Rancho Santa Fe Association board approves trial run for Rancho Santa Fe village farmers market


By Karen Billing

A farmers market will soon hit the village streets as the Rancho Santa Fe Association board approved a nine-month trial run at its March 6 meeting. The market aims to bring a sense of community along with items such as fresh handmade pastas, gluten-free goodies, raw cold pressed juices, local honey and artisan chocolates.

The board approved the trial run in a 6-1 vote, with director Craig McAllister abstaining. The market will be held on El Tordo, between Linea Del Cielo and Avenida de Acacias, on Saturdays between 10 a.m. and 2 p.m.

RSF Association Board Vice President Rochelle Putnam said in the three-plus years the market has been discussed there’s been enough “rope-a-dope”— every objection possible has been raised and reviewed by the board. She said the board has considered all of the potential locations for the market and has moved the possibility of a market location away from residences and off the lawn at the village parks, and the board has responded to concerns that the market might interfere with the Secret Car Club that also meets in the RSF village on Saturdays from 9 a.m. to noon.

“I believe that the Secret Car Club and the farmers market can co-exist beautifully,” Putnam said, before making the motion to approve the trial run.

RSF Association Director Ann Boon complimented the commitment of the market’s planner, local real estate agent Janet Lawless Christ, comparing her to the Energizer Bunny or a toy that keeps bouncing back up after taking a flurry of punches. Boon said she took her “nub of an idea” for a market and kept working at it because she knew it would be something good for the community.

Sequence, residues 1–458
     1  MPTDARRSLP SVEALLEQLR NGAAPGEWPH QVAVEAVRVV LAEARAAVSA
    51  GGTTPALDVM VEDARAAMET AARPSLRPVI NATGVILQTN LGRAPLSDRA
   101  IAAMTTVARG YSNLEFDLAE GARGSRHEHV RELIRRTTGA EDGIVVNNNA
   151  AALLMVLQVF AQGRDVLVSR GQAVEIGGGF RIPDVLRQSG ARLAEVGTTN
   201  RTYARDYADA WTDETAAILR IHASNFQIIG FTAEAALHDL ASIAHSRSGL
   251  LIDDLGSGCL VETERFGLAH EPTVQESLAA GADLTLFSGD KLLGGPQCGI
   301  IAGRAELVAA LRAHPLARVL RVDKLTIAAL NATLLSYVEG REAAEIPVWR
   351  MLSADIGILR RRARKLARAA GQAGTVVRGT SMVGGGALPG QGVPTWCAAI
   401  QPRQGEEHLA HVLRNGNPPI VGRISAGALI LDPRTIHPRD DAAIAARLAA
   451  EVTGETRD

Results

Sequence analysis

“If it works, it works. If it doesn’t the community will let us know,” said RSF Association Director Larry Spitcaufsky.

Lawless Christ said the market provides some much-needed vitality to the village on the weekends, creating a community gathering space. In addition to the products and social aspect it offers, Lawless Christ said the market could also enhance foot traffic through downtown, boosting awareness and potential revenue for retailers, restaurants and The Inn.

“If it is unpopular or a problem, it can be stopped at any time but I believe the joy and vitality it will bring will be worth it,” Lawless Christ said.

Lawless Christ feels the selected location is ideal as it does not disturb the Secret Car Club, is not contiguous to any residential properties and still allows for easy traffic flow.

Brandon Janiss and Tasha Ardalan, who run the Welk Resort Farmers Market and the Encinitas Farmers Market, will handle the management of the market.

Proceeds from the market will go to the Veterans Valor Fund, which grants scholarships for returning veterans to obtain agricultural education training with the Veterans Sustainable Training Program at Archi’s Acres in Escondido. Nature Designs, a landscape design company, has signed on as a sponsor to underwrite expenses of liability insurance, permits, signage and traffic control planning.

“It’s a great opportunity to enhance the livability and walkability of town and invite people to visit our merchants and restaurants,” said Kelly Fore Dixon of Nature Designs, a new Rancho Santa Fe resident.

Many residents spoke out at the March 6 meeting both for and against the market.

Robert Wood, a resident since 1972, said the RSF Association should consider the redundancy of markets in the area with nearby Chino Farms, markets in Solana Beach, Del Mar, Del Rayo Village, Carmel Valley, Encinitas, as well as the Lemon Twist produce stand on Del Dios Highway.

Wood also voiced concern about consequences such as compromising the safety of property owners, the noise of set up and take down, “neglected canine excrement,” leftover trash, increased traffic and lack of village parking.

“None of us, absolutely none of us, think this will do anything to promote or stimulate business in town,” said Bill McNally, of The McNally Company Antiques, speaking for village merchants. “I just think this is a terrible idea.”

Supporters shared an alternative view, that the market will bring a missing element to the community. They said they were excited about the market providing an experience in town and a way to interact with neighbors besides bumping into them at the post office.

“The center of town is adorable but it’s basically an empty shell, there’s nothing bringing the community together,” said resident Sarah Neil. “A farmers market is a great way to bring the community together and I’m excited to hear there’s a charitable organization that the funds will go to…It’s worth a try.”

A date for the opening of the RSF Farmers Market is still to be determined.